Cardboard and newspapers are two natural organic weed barrier options. I have never tried or been interested in using either. Leaving your bed to bare soil is also an option if you plan on adding and removing plants frequently, especially if planting flowering annuals.

Rock or Wood Mulch:

I love to use both. I use these two coverings in combination with many of my beds. I'll let the photos below speak for themselves. What I have learned over the years, if you choose to use them in combination in beds, is to have the wood mulch on the lower parts and the rock on the higher parts of the bed. Wood mulch will start to dry, become light, and quickly move around more, making it more mobile in wind and heavy rain areas. Mulch placed on the high points will eventually start reaching the rock beds. I don't mind a little "contamination" in my beds, but I have learned over the years that this is unacceptable for certain personalities. Keeping the mulch on the lower parts of the bed will give you a cleaner look for a more extended period.

Type of plants:

Start by identifying what type of plants you like. Factor in size, color, and winter interest characteristics: it is very easy to over-plant a bed, so make sure you look at the mature size of each plant and allow for space accordingly. I am comfortable with certain plants blending together over time, especially herbaceous flowering perennials. But conifer evergreens shaded by a shrub planted too close, for example, will usually lose their needles from lack of sun. There are so many concepts, styles, and combinations regarding plant design that we must save that for another article. Suffice it to say plants are what "make" the bed. Utilize your local garden center and clubs for valuable advice and information. Drive your neighborhood, check out what appeals to you, and duplicate your favorite finds.

Changing The Elevation:

I always encourage adding contouring and elevation changes, even in smaller beds; it just adds that "extra" that helps a bed stand out. Even a couple of cubic feet of soil that creates a slight slope or berm can be very pleasing in smaller landscape beds. Flat is boring to me and not found in nature. And nature is always my guide and inspiration.


How much maintenance you want to do in the future is often not thought of until after. When helping someone plan their landscaping project, I always bring up the level of maintenance they are willing to carry out early in the conversation.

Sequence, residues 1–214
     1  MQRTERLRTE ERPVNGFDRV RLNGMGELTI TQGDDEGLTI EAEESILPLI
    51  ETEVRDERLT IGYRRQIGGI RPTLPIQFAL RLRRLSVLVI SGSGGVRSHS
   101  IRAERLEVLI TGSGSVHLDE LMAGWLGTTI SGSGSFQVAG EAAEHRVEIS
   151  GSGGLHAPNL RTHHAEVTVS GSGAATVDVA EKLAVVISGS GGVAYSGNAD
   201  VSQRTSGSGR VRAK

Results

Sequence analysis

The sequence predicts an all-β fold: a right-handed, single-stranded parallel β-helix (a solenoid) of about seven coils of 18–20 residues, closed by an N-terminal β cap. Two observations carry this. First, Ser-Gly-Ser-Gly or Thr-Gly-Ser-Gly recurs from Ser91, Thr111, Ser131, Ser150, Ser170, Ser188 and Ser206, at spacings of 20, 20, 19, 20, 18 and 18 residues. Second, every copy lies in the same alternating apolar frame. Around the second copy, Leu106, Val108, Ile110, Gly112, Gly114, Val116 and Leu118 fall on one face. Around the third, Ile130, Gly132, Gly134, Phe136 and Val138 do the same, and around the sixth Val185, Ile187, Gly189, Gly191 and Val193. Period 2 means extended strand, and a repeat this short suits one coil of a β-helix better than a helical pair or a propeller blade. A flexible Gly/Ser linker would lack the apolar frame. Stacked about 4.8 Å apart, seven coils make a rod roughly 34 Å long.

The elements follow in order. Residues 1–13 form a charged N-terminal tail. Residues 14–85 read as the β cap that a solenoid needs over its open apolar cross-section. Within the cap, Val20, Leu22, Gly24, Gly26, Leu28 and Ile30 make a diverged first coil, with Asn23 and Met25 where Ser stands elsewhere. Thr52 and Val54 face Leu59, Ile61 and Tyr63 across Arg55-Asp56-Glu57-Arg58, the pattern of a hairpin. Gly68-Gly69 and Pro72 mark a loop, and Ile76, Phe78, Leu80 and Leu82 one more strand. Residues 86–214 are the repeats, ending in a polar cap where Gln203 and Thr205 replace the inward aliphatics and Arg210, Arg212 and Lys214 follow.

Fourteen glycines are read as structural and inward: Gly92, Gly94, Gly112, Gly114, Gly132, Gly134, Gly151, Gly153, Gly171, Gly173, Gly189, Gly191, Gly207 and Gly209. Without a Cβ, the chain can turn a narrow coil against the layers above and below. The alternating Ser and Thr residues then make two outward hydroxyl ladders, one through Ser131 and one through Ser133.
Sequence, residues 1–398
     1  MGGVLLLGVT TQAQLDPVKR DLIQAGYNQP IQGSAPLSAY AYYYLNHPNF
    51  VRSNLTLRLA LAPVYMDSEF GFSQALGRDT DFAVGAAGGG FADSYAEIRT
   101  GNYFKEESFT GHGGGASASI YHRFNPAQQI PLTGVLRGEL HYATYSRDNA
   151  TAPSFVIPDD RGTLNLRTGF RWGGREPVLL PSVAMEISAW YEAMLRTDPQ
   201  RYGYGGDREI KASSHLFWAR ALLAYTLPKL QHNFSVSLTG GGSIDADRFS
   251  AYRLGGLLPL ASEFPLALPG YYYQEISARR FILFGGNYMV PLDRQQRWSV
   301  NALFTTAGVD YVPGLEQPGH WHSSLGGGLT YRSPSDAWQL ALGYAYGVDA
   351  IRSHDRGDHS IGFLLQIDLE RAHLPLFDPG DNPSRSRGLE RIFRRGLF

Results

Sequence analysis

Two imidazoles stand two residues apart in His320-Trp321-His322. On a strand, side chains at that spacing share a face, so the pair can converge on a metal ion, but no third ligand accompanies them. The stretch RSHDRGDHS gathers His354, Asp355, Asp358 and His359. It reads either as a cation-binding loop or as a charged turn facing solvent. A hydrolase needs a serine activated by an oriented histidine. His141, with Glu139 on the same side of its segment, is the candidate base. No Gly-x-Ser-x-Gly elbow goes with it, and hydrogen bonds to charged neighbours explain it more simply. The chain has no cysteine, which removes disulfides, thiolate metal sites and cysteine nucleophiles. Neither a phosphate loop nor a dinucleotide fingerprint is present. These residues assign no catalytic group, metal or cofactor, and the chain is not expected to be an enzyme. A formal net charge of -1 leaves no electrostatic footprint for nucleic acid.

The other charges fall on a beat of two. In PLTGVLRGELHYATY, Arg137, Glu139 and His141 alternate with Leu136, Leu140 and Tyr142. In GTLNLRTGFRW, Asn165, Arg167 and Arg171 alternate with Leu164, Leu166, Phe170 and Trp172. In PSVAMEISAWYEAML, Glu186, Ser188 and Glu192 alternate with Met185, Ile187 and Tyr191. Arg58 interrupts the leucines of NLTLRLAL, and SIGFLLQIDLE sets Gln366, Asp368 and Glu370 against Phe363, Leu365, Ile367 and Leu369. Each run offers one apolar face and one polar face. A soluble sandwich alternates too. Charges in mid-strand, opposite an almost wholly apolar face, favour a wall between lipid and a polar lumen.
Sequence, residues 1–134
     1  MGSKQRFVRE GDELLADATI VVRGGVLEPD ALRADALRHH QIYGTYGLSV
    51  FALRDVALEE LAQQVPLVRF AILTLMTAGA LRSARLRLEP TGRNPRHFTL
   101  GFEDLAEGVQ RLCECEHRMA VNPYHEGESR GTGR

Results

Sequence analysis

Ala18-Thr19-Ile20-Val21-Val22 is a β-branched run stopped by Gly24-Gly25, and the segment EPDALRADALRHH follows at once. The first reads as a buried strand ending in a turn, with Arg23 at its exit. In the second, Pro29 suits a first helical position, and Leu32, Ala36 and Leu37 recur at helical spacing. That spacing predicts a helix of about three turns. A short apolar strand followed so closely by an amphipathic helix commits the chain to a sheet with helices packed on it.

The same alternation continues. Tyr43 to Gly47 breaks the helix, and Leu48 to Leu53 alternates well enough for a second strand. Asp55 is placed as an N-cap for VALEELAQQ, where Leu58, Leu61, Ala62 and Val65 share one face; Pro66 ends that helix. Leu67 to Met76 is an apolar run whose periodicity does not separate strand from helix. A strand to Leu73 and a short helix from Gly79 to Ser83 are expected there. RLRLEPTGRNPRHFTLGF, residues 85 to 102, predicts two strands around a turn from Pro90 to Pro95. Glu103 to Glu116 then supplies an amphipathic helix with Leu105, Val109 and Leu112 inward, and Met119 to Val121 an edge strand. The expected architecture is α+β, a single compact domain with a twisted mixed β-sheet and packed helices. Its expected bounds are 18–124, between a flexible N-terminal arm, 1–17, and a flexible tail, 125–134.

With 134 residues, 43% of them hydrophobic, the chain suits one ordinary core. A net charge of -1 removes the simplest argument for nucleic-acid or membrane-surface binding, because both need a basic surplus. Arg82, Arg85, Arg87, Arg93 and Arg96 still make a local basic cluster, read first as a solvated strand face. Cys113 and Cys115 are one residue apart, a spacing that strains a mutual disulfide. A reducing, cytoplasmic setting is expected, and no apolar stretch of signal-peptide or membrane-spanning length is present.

We've already discussed some pros and cons of different edgings and weed barriers above and touched on combining rock and mulch to avoid future problems. Regarding plants, the best advice is to remember not to overplant. Allowing a plant to have the space it needs for most of its life will dramatically reduce its maintenance and pruning requirements. How much water, fertilizer, and sun a plant need should also be considered? Some plants need very little, compared to other plants needing a lot. For low-maintenance plants, look for drought tolerance, slow growing, and hardy as good signals on plant tags.

I like to have various-size beds in my landscape as each one will accommodate various sizes of plants. I also have locations in my landscape that are much drier and pretty moist areas. Plant accordingly. The same goes for shady vs. sunny areas. Plant accordingly.

The most important thing about creating a small landscaping bed is to enjoy the process. Learn as you go and enjoy the accomplishment of doing the project yourself—many like sharing landscaping/gardening photos as much as their grandchildren. Plants and do-it-yourself projects are like that; they become part of you. But we'll avoid that rabbit hole for now. Get out there and get landscaping; it's my greatest hobby. Enjoy the video for an overview of creating a small landscape bed start to finish.

Thanks for stopping by Garden Hike! It’s always a pleasure to share.